Nurse Says She Lost Her Job For Speaking Out

  •  Marisa Demarco
  •  Monday, April 27, 2015
Diane Spencer speaks at the Roundhouse to announce the filing of safe staffing legislation. —Credit: Bruce Wetherbee

Diane Spencer speaks at the Roundhouse to announce the filing of safe staffing legislation. —Credit: Bruce Wetherbee

How clean was the hospital when you were there? How well did nurses and doctors explain things to you? When answering these questions, people in New Mexico ranked state facilities poorly, according to federal survey data that was just released. Local union members say that’s because hospitals like the one in Santa Fe run on staffs that are too small in order to pinch pennies.

Diane Spencer worked at Christus St. Vincent Regional Medical Center for 18 years on the medical/surgical unit before she was fired last week. “I love hospital nursing,” she said. “I love the challenge.”

She said she knew she might become a target when she started criticizing the hospital. Coworkers warned her. But she felt an obligation to patients. “Nurses go into nursing because we care about people. It’s very hard to see this happen when caring is your main focus.”

Spencer has said that staffing levels at the hospital are set by accountants—not medical professionals. She’s testified as an expert witness for the state Legislature for the last three years about how running health care workers ragged negatively affects patients.

For nurses, we’re not able to give pain medicines in a timely fashion,” Spencer said. “We’re able to ambulate the patients to prevent blood clots in their legs or blood clots in their lungs or pressure sores. People do not get fed as they should. They don’t get toileted as often as they should. All of those things are very important when people are trying to get healthy.”

She said being short-staffed increases the chances of what’s called ‘failure to rescue.’

If you are not with a patient frequently enough, you do not see the early signs of a patient deteriorating,” she explained. “If you don’t see those and catch them early, then the patient gets a whole lot sicker than they should have.”

It was a gray, drizzly day in New Mexico’s Capitol, and Spencer stood at the back of the crowd that gathered for a news conference in front of Santa Fe’s City Hall. She listened to Shane Youtz, lawyer for the local chapter of the hospital and health care workers union, tell the press Spencer just lost her job.  

Diane received extremely good evaluations for most of the tenure she had at the hospital,” he said. “In 2012, Diane decided she was done supporting the hospital on its staffing situation and had the courage to speak out.”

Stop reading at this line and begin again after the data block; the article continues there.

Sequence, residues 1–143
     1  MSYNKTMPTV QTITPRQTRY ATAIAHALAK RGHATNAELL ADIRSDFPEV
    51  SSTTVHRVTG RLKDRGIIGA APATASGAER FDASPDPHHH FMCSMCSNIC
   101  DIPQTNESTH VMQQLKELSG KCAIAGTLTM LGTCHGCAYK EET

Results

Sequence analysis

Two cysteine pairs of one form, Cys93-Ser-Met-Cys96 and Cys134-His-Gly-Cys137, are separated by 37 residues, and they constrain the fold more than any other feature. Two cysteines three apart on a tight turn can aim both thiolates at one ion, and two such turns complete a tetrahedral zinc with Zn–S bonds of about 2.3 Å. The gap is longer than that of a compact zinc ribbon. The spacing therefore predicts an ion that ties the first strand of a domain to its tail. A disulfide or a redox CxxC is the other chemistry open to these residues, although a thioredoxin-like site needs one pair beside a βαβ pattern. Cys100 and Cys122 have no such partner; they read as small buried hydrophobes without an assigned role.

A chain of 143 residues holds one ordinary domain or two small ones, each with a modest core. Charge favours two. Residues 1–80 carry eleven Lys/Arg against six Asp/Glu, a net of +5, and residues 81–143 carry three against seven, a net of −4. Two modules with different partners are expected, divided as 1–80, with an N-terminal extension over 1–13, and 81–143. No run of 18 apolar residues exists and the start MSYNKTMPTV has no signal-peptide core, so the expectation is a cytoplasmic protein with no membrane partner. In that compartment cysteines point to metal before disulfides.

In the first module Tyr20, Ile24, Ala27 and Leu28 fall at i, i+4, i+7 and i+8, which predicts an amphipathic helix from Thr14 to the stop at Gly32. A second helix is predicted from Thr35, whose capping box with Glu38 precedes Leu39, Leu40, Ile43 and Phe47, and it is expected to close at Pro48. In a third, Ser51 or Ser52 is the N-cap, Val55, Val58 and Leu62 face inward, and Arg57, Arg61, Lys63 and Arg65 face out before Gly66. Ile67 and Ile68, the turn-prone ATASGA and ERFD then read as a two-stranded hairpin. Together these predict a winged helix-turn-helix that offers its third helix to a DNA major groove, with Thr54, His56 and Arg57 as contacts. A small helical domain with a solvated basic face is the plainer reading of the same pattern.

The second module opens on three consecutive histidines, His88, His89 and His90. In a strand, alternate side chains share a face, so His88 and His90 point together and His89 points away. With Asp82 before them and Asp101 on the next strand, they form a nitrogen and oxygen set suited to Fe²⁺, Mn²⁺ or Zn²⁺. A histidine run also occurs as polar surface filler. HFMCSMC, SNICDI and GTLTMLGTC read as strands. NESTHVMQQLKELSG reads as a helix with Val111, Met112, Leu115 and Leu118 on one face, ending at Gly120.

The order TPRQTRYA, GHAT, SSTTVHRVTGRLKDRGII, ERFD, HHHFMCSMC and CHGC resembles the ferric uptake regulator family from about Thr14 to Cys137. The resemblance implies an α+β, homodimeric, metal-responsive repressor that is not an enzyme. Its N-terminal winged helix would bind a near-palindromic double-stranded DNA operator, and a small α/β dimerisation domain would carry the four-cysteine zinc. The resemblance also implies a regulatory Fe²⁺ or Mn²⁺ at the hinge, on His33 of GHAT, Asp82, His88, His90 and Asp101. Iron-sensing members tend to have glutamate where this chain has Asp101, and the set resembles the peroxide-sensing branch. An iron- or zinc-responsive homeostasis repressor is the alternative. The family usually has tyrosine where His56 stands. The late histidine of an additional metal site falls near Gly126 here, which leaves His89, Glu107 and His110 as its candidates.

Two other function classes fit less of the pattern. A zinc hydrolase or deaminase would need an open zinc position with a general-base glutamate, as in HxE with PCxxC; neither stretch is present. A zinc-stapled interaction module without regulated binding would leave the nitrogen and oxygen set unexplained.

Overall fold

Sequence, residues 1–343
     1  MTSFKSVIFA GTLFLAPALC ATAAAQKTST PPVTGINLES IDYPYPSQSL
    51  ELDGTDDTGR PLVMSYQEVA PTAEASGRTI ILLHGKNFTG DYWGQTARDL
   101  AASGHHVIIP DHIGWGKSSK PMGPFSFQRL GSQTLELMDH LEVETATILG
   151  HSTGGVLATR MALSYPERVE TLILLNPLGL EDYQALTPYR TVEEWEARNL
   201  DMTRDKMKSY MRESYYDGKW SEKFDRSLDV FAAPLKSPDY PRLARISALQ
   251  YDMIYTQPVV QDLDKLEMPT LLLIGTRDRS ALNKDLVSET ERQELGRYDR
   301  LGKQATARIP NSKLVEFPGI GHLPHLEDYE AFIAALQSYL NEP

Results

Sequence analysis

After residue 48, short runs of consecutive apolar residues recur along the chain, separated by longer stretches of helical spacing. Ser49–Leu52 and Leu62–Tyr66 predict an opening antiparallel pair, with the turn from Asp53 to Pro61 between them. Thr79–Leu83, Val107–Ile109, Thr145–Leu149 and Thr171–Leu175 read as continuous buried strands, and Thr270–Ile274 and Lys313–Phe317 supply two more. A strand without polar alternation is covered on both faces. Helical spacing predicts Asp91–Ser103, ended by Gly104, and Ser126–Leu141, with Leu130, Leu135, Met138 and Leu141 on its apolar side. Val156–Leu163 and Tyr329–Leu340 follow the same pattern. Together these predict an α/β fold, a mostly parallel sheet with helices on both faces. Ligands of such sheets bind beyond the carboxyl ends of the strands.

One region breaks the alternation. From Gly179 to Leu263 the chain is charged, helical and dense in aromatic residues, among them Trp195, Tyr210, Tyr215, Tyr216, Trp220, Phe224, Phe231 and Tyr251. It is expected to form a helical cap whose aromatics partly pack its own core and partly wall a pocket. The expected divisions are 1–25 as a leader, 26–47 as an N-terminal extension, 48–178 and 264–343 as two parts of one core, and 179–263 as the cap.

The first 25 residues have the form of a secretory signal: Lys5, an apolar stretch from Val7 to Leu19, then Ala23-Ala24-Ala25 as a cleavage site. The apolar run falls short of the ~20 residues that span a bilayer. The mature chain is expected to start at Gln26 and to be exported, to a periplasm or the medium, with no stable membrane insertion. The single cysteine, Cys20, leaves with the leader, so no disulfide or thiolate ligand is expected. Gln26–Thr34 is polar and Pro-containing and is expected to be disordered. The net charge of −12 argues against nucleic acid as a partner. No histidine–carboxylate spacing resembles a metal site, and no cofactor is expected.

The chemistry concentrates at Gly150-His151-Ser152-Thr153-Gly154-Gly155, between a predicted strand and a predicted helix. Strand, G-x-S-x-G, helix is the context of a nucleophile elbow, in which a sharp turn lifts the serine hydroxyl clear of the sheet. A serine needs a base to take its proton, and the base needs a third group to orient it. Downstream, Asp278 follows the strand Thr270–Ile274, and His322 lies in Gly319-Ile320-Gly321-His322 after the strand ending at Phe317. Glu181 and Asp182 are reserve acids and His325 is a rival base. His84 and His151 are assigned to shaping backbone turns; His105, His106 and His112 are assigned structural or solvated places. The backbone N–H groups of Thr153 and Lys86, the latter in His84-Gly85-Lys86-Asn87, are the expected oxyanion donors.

But after Spencer started testifying, her evaluations got worse, and she was disciplined for minor issues, Youtz said. She was referred to the Employee Assistance Program where a counselor told her, ” ‘If you want to continue working for the hospital, you ought to stop testifying at the Legislature,’ ” Youtz said. “It was a bit prophetic.”

Spencer was eventually fired over a trivial matter, but Youtz won’t divulge details. The union has filed a complaint with the National Labor Relations Board, saying the termination was retaliatory.  

Delma Delora (left) at the news conference on Friday, April 24, 2015 —Credit: Marisa Demarco / KUNM

Delma Delora (left) at the news conference on Friday, April 24, 2015 —Credit: Marisa Demarco / KUNM

Staffing has been a problem for years, according to Delma Delora, a nurse and patient advocate in sports medicine at Christus St. Vincent.

We were hoping after our negotiations that we’d have better staffing,” Delora said, “that things were going to be better, but no.”

In October, the union and hospital agreed to a contract that required Christus St. Vincent to hit certain staff levels. To date, the hospital has not been holding up its end of the deal on a consistent basis and has had to pay fines into the Nurse Education Fund. 

Delora said having a good health care worker-to-patient ratio is an issue around New Mexico. “I would love to see it in the whole state of New Mexico, that this be taken serious,” Delora said. “And that we be able to sit down, put together a plan to really work at trying to improve the situation—seriously. Not just because we have to sign a contract.”

Hospital officials would not agree to be interviewed but said in a statement that, according to data from the state’s Hospital Association, the medical/surgical staffing levels are higher at Christus St. Vincent than at most large facilities in the state. And that staffing is only one factor in patient satisfaction. (See the full response here)

The hospital wouldn’t respond to questions about personnel matters or Nurse Spencer, which is standard, but added that there are policies to prevent discrimination against union members.

And Spencer? Her eyes filled with tears when she was asked whether patients should be going to Christus St. Vincent. She paused. “I don’t want to comment on that,” she said.

She just wants her job back.

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Find out more about the ongoing controversy at Christus St. Vincent—and read the full response from the hospital—at publichealthnm.org. KUNM’s Public Health New Mexico project is funded by the W.K. Kellogg Foundation.

EDITOR’S NOTE: An early broadcast version of this story incorrectly attributed the hospital’s comments to spokesperson Arturo Delgado. 

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